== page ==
It Is Undisputed That the Temple Mount Is Judaism’s Holiest Site

Following Israel’s liberation of the old city of Jerusalem in the Six-Day War, then-defense minister Moshe Dayan established what has become known as the “status quo” on the Temple Mount. Meir Soloveichik describes this situation, and also how it has evolved despite its name:

Religious authority over the area is largely exercised by the Muslim waqf, [a religious trust], and visiting Jews are literally forbidden to pray there. Despite this indignity, religious Jews have continued to come, recently by the many thousands. One of the most popular days of the year to visit is the Ninth of Av, when the Temple was destroyed. The Temple’s destruction is the reason that this day is the saddest of the Jewish calendar, because—obviously—the Temple Mount is Judaism’s holiest site. It was on the Ninth of Av this year that rioting Arabs sought to prevent Jewish visitation. They failed.

Prime Minister Naftali Bennett thereafter made a statement in which he spoke of “freedom of worship for Jews on the Mount.” However, his alternate prime minister, Yair Lapid, had to walk back the implication that Jews might be allowed such freedom at the site of the ancient Temples:

Then Lapid went further. “Jews have freedom to visit the Temple Mount and Muslims have freedom of worship there,” he said. “If Jews wish to pray, the holiest place for Jews is a few meters from there—the Western Wall.” This is preposterous. The Western Wall, or Kotel, is the retaining wall of the Temple plaza from the Herodian age. It acquired its special status because it was the one site where Jews were allowed by the Ottomans to gather in yearning for the Temple itself, and to mourn its destruction. The Kotel is the place where Jews for centuries gathered . . . to affirm that the Temple Mount is Judaism’s holiest site.

Ultimately the problem with statements such as these is not their ignorance but that they give ammunition to enemies of Israel, who seek to lie about Jewish history. The hard truth is that in the past 54 years since the miraculous moment when Jews returned to ancient Jerusalem, the sacred city has itself been rebuilt—but the destruction of the remnants of the Temple has gotten worse. The waqf has destroyed much archeological evidence of the Temple that once was there, and many Palestinian leaders have denied that the Temple stood there in the first place. To say on television that the Western Wall is Judaism’s holiest site is to provide propaganda to those who seek to negate the Jewish connection to Jerusalem.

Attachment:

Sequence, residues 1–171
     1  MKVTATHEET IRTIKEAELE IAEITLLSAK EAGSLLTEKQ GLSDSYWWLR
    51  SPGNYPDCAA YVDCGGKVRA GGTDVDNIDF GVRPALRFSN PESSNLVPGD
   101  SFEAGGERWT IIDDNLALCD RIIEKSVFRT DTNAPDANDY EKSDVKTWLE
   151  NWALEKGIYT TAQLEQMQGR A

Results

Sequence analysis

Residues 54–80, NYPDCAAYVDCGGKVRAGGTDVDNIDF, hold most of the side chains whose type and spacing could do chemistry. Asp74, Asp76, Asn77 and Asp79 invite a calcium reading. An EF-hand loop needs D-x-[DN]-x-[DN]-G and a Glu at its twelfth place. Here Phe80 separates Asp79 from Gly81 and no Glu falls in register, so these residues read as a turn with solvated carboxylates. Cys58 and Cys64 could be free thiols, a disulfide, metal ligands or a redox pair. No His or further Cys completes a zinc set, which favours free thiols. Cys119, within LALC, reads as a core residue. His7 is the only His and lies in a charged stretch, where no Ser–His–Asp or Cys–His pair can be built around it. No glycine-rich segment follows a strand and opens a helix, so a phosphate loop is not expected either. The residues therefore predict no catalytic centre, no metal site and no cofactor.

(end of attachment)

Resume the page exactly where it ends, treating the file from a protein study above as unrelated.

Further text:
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Read more at Commentary

More about: Moshe Dayan, Naftali Bennett, Temple Mount, Western Wall, Yair Lapid

The New Iran Deal Will Reward Terrorism, Help Russia, and Get Nothing in Return

After many months of negotiations, Washington and Tehran—thanks to Russian mediation—appear close to renewing the 2015 agreement concerning the Iranian nuclear program. Richard Goldberg comments:

Under a new deal, Iran would receive $275 billion of sanctions relief in the first year and $1 trillion by 2030. [Moreover], Tehran would face no changes in the old deal’s sunset clauses—that is, expiration dates on key restrictions—and would be allowed to keep its newly deployed arsenal of advanced uranium centrifuges in storage, guaranteeing the regime the ability to cross the nuclear threshold at any time of its choosing. . . . And worst of all, Iran would win all these concessions while actively plotting to assassinate former U.S. officials like John Bolton, Mike Pompeo, and [his] adviser Brian Hook, and trying to kidnap and kill the Iranian-American journalist Masih Alinejad on U.S. soil.

Moscow, meanwhile, would receive billions of dollars to construct additional nuclear power plants in Iran, and potentially more for storage of nuclear material. . . . Following a visit by the Russian president Vladimir Putin to Tehran last month, Iran reportedly started transferring armed drones for Russian use against Ukraine. On Tuesday, Putin launched an Iranian satellite into orbit reportedly on the condition that Moscow can task it to support Russian operations in Ukraine.

With American and European sanctions on Russia escalating, particularly with respect to Russian energy sales, Putin may finally see net value in the U.S. lifting of sanctions on Iran’s financial and commercial sectors. While the return of Iranian crude to the global market could lead to a modest reduction in oil prices, thereby reducing Putin’s revenue, Russia may be able to head off U.S. secondary sanctions by routing key transactions through Tehran. After all, what would the Biden administration do if Iran allowed Russia to use its major banks and companies to bypass Western sanctions?

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Read more at Dispatch

More about: Iran nuclear deal, Russia, U.S. Foreign policy